Many radio possibilities are being explored. One patent provides “panoramic reception” of several radio compass signals visually and simultaneously on a cathode ray tube indicator. Static is slowly being wiped out although a moving airplane is an almost perfect static-generating machine. Shielded loop antennas have eliminated some of the static. United Air Lines is experimenting with wires with sharpened ends trailed from the tail of the plane to provide leakage paths along which static charges may be dissipated.
Ultrashort radio waves in which static conditions are less acute are to be adapted to air line use. Beginning next year, much lower wave lengths will be used for plane-to-airport communication over short distances. Ultrashort-wave radio marker beacons will help the pilot with his navigation. Fan beacens that set up walls of short-wave warning signals will mark the edges of mountainous areas in the vicinity of airports. Automatic pilots are being connected directly to the radio beam receivers so the robot actually keeps the plane on its course as well as attending to the mechanical details of flying.
Research is being conducted on various ways of providing a pilot with “fog eyes.” What is wanted is an instrument that will measure the distance to the ground. Present altimeters show the height of the plane above sea level but not the ground contours beneath the plane. Short radio waves, infrared rays and sound waves reflected from the plane to the ground and back again are being studied.
Engines are sturdier even though they are developing more power than a few years ago. Automatic oiling systems have eliminated frequent overhauls and increased engine reliability. The heavy drag of a ” windmilling” propeller when an engine goes dead in the air has been reduced almost to nothing by the Hamilton hydromatic full-feathering propellers. By turning a switch the pilot can turn the blades to point directly into the wind. Propeller blades that may be rotated through 120 degrees of a pitch have been developed in France to enable flying boats to maneuver astern on the water.
Designing a transport is such a complex job that no one man can do it all. Specialists in wing construction, tail group design, and landing gear assembly work side by side. The cockpit alone needs the attention of several experts and hundreds of minor details require intensive study. The exact location of the pilot’s seat, the angle of the windshield and the shapes of the control knobs are all important.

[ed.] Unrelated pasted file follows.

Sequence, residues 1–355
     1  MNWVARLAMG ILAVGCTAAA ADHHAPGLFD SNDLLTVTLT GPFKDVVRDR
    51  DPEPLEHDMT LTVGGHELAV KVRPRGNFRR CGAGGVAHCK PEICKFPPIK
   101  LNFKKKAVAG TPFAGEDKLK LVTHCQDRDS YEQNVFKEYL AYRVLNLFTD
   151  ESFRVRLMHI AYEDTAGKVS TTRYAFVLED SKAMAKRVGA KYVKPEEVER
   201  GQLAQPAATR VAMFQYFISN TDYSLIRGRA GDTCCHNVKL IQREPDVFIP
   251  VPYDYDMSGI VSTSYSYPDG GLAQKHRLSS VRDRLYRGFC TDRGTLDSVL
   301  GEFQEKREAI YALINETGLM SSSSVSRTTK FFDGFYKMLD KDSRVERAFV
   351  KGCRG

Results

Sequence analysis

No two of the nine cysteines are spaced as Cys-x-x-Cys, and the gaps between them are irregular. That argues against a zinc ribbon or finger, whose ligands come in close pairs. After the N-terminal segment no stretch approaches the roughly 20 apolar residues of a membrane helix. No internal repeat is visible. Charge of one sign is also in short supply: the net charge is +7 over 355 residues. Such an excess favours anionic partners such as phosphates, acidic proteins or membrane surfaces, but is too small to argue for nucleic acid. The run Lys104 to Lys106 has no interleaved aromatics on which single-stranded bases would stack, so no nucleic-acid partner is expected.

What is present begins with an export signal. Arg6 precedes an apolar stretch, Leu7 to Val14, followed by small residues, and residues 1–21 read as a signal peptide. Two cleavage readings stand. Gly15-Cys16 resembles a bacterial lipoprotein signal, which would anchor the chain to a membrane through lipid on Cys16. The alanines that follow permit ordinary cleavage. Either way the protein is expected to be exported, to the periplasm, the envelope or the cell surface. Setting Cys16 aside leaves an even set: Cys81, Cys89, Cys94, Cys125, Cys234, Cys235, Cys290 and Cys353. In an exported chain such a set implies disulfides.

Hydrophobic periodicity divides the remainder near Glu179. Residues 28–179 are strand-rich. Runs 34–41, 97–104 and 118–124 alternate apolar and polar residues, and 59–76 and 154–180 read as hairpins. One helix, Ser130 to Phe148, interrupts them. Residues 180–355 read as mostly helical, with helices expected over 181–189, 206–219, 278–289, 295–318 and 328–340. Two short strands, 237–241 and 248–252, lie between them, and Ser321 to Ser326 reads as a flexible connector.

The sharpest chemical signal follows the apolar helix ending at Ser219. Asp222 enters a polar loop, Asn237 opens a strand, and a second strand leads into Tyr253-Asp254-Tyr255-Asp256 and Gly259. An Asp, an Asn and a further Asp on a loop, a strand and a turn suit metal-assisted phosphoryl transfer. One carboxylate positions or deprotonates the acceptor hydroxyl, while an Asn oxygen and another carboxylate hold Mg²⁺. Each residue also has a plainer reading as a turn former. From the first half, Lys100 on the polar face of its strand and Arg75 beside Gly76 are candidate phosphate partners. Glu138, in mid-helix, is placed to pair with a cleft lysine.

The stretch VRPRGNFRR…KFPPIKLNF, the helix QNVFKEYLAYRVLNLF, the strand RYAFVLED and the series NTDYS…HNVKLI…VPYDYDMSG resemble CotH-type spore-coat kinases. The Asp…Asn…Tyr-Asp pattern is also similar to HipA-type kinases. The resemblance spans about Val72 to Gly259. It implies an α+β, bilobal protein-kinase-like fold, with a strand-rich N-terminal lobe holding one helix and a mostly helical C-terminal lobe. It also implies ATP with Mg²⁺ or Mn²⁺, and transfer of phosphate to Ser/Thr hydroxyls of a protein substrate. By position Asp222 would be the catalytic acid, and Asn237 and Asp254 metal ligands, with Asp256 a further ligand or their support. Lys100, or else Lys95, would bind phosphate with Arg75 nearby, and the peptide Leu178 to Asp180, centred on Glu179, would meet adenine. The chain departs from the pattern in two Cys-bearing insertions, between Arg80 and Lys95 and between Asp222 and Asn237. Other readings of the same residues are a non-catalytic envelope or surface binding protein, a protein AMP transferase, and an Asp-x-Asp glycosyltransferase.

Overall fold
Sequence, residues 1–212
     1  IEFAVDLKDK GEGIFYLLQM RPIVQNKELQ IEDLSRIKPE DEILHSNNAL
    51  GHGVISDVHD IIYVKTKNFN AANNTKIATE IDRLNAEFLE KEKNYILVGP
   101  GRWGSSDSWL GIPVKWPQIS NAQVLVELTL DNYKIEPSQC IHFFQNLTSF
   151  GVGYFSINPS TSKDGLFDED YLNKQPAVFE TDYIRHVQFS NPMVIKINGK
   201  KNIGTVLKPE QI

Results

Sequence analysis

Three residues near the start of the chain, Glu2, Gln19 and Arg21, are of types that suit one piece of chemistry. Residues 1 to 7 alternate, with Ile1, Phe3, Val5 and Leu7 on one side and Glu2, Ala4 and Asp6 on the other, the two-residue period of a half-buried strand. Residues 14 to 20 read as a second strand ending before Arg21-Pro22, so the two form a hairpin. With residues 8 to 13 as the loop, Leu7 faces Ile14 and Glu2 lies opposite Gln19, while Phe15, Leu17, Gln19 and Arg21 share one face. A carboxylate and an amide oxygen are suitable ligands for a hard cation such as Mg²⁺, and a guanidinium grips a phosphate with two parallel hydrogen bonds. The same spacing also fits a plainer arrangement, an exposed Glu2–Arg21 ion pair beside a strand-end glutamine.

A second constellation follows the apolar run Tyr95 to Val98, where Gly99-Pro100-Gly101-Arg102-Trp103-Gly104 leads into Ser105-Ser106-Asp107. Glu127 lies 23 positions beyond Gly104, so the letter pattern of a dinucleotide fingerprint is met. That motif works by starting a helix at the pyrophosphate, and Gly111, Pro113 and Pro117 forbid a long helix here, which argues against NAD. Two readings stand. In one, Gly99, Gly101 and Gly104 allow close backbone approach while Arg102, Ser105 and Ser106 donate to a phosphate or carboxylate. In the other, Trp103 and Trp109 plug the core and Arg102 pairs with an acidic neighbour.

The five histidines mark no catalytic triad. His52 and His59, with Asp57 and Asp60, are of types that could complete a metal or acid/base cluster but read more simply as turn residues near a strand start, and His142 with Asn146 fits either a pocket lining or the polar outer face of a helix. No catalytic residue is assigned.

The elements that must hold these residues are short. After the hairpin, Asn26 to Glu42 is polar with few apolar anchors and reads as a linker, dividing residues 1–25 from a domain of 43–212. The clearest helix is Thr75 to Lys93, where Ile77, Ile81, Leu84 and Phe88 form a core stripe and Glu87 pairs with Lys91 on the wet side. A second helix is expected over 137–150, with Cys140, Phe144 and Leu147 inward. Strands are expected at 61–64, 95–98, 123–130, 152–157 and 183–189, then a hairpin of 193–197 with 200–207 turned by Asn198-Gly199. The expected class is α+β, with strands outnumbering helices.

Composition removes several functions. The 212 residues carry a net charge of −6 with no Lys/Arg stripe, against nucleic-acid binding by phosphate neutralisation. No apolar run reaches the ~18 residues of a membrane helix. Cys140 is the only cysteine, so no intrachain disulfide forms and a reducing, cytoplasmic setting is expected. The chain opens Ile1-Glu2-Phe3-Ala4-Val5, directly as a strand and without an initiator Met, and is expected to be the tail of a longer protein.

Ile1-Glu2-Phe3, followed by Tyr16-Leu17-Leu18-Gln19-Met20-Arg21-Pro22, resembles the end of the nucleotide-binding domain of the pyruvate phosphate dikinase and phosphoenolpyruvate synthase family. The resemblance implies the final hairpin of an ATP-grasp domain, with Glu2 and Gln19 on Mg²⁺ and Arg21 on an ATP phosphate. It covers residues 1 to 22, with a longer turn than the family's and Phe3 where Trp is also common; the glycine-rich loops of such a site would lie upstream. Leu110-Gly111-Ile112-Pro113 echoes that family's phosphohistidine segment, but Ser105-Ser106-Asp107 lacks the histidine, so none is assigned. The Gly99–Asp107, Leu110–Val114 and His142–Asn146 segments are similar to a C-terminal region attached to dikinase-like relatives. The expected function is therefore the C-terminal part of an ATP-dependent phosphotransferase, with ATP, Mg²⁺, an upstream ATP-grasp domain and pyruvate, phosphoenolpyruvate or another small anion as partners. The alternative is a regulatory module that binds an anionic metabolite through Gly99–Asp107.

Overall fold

Different control handles are given different colors and shapes so the pilot invariably can recognize the one he seeks. His seat must be close to the windshield to give him wide angle vision, yet he must be able to slide out of the seat easily without disturbing the controls. In the past, pilots were sometimes confused by lights reflected on the cockpit windows. Lights on the ground behind sometimes seemed to be ahead of the plane. Placing the windows at exactly the proper angles prevents such reflections. Pilots in the past also were almost blinded by rain or snow pounding against the windshield while making night landings during storm conditions. Designers solved that trouble in an adroit way. Instead of trying to keep the moisture out of the cockpit they let it in. Now when a pilot prepares to land during a storm, he slides open a side window and a windshield window, allowing rain or snow to sweep in one window and out the other. Sitting behind the blast of wind, the pilot can see forward and rarely receives more than a few drops from the controlled storm that invades the cockpit. The windshield is completely waterproof when closed and can take a pressure of one pound per square inch at 200 miles per hour without leaking.
Dumping fuel in flight no longer is the hazard it was. Improved vents dump the fuel free from the body of the plane and prevent any chance of the fuel igniting from collision with tail surfaces. The flame front in a combustible mixture of gasoline and air travels only forty miles per hour, hence even if the cloud of dumped fuel happens to catch fire from a static spark the plane remains safe because it is trav-eling too fast for the exploding flame front to catch up.
More than 1,000,000 passengers per year are carried on domestic air lines and the number of accidents in relation to the number of miles flown is decreasing steadily, yet the aviation engineers are never satisfied. They are constantly trying to make the big transports safer and more efficient than ever.